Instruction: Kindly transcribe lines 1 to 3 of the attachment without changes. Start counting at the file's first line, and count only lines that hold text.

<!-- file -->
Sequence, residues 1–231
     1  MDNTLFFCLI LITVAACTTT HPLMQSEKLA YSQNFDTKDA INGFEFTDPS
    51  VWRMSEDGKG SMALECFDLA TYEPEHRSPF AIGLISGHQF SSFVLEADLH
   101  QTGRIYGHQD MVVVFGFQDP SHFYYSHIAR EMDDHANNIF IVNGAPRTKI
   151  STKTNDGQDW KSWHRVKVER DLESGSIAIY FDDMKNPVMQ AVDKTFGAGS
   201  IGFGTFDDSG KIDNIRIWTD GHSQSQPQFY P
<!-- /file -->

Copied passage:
Sequence, residues 1–231
     1  MDNTLFFCLI LITVAACTTT HPLMQSEKLA YSQNFDTKDA INGFEFTDPS
    51  VWRMSEDGKG SMALECFDLA TYEPEHRSPF AIGLISGHQF SSFVLEADLH